And so how did that economic anxiety move into government? How did those the social economic anxieties become political?

Well, as is often the case, when people go through fairly stressful, and at some points, traumatic change, they try to figure out what’s going on around them, and who’s to blame for circumstances that they find themselves in. Now, the country as a whole was really in the transition toward an industrial capitalist economy. That meant a numbers of things: that wealth and power were being concentrated into fewer hands; that control over important resources was sort of left in private rather than under public control; and that usually when societies industrialize the countryside pays the price. I mean, that was one of the things that happened as a result of the Civil War, the major agricultural sector of the country that had political power was the South and most of the southern states succeeded to join the Confederacy.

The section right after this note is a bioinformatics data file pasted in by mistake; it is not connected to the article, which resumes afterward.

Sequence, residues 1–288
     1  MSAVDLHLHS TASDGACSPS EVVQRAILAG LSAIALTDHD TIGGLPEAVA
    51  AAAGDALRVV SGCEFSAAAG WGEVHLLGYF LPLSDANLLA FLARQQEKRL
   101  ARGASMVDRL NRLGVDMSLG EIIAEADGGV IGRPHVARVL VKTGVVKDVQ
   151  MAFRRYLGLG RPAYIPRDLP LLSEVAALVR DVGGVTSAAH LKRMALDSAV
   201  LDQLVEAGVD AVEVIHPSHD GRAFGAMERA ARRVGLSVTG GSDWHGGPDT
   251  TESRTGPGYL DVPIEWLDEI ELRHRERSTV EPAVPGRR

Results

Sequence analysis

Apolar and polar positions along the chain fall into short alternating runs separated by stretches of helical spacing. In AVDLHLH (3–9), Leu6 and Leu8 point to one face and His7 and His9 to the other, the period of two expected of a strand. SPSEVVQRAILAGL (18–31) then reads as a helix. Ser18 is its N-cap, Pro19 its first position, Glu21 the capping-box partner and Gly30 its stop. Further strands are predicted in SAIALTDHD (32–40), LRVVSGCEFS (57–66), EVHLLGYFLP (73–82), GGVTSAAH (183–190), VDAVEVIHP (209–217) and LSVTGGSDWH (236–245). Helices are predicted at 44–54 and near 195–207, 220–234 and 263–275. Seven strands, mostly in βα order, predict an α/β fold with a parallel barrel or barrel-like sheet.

The new political economy that was organized in the United States after the Civil War, clearly benefited people who lived in cities, people who were in manufacturing: protective tariffs, things of that sort, a national banking system, that favored urban rather than rural places. And so the costs of doing agricultural production were growing. Not only were prices going down, but credit was becoming more expensive to get. And people who are in rural areas know that there are times of the year when they don’t have cash on hand, they’re gonna have to borrow. So all of these things sort of flowed together. And for many people who were sort of experiencing this, they wondered about the role that certain groups in American society were playing. Their most direct contact were with people who were merchants, who were selling them goods and also selling them their cotton. But they also recognized that the balances of political power in the United States were shifting at the same time in the south and other parts of the country.